Orpah seems to do exactly what Naomi tells her to do–she leaves. Should we demonize her because of it?

Heh! You would think that Orpah (Oprah’s mother tried to copy that name but transposed the letters) would be off the hook, since she is just doing what her mother-in-law told her to. But that’s not always how it works. One time my mother told me to leave the dishes till she got in. Boy, did I get clobbered when I obeyed her. Some people expect to those who care sincerely to keep pushing. Observe this excerpt from How to speak Minnesotan: https://www.youtube.com/watch?v=mdLPJfbLNOM

Something similar to this happens at the end of Judges, when a “certain Levite” comes to retrieve his angry “second wife” from her father. It takes a very long time for him to leave, and from there, things do not go well. Some see this story as an example of what happens when people violate host/guest protocols. For a summary of these, click here protocols: http://www.maryadams.net/classpages/bible/downloads/hospitality.html.

Therefore, I believe that Orpah needed to insist on staying, as Ruth did. Clearly Ruth’s insistence is treated as true “friendship,” while Orpah seems to merely observe basic politeness before she sprints away. Let’s say your elderly neighbor was having symptoms of a heart attack and insisted he would be fine. If you believe he is in danger, you have a moral and human obligation to push on. In Naomi’s case, she did not want to be the reason Orpah and Ruth ruined their lives. But she probably secretly hoped they would stay with her.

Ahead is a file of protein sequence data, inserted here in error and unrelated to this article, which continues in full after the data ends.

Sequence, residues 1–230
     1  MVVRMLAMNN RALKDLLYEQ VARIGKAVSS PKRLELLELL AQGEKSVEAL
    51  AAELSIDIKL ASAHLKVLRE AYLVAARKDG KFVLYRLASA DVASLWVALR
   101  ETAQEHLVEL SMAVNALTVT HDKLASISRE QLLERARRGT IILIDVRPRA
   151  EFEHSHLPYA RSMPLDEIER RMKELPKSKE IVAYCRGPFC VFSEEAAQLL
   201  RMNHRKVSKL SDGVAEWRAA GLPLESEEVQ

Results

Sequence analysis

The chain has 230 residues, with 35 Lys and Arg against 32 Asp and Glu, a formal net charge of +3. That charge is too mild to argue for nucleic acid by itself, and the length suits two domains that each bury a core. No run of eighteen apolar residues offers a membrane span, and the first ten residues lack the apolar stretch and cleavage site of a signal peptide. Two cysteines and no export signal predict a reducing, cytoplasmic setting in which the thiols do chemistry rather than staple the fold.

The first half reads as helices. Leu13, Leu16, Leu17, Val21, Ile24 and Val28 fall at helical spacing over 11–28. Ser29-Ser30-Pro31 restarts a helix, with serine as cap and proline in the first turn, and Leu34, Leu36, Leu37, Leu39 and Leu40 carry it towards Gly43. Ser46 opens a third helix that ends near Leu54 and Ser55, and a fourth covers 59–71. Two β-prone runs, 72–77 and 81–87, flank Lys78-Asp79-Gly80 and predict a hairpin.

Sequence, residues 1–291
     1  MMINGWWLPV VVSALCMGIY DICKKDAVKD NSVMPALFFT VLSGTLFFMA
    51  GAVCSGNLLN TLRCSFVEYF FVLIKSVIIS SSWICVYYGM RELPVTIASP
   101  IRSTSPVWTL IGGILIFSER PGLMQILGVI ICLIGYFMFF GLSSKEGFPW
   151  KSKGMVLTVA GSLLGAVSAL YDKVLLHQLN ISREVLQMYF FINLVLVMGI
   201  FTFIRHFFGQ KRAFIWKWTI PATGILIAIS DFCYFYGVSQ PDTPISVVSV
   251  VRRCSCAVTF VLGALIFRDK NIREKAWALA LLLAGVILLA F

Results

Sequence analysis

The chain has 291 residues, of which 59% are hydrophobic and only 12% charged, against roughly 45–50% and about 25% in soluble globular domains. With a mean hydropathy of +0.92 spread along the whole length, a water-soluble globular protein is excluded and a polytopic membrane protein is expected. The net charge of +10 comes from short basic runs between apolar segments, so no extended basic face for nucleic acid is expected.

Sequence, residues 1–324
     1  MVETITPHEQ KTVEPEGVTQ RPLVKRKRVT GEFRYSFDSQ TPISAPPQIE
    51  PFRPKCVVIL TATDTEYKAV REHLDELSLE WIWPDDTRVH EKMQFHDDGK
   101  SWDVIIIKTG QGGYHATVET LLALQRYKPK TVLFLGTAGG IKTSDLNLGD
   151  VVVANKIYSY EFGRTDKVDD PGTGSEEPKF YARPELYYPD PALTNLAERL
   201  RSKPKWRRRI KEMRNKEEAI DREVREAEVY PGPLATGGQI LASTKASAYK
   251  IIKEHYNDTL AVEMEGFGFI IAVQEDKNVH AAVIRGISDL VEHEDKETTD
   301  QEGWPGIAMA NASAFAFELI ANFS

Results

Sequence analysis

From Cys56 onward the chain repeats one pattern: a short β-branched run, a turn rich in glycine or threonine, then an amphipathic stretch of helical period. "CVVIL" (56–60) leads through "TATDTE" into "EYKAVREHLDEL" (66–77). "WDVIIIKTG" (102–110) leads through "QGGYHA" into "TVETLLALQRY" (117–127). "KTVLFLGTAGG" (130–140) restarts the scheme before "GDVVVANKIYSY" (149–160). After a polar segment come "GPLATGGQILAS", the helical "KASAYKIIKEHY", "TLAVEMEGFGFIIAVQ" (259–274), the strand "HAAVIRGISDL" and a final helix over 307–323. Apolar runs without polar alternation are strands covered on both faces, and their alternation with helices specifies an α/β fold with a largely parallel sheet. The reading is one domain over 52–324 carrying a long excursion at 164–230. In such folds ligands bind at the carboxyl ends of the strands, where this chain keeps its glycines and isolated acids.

Moreover, this story doesn’t exactly advocate obedience to authority. It is a story about how to manipulate those in charge to make sure your family is cared for. It could be argued that Ruth doesn’t do exactly what Naomi tells her to do when she appears at Boaz’s feet. But she accomplishes the same result–maybe even a better one.

By the way, if you want to read more tales about Orpah from the Midrash, here are some resources. Here is the Ruth/Boaz story in Ginzberg’s Legend of the Jews; you can search on the page Orpah and learn more about her–fascinating! She did not fare well in the misogynistic oral tradition, where she is described as sleeping with 100 men in one night (including butt stuff!) and giving birth to Goliath, David’s enemy in the story: https://www.sacred-texts.com/jud/loj/loj403.htm (Links to an external site.)

The Jews loved symmetry. Also, here is a resource I didn’t know before: The Encyclopedia of Jewish women. I am so glad to find it! It summarizes the Aggadah tradition of Orpah, not just the few tales told by Ginzberg: https://jwa.org/encyclopedia/article/orpah-midrash-and-aggadah

Leave a Reply

Your email address will not be published. Required fields are marked *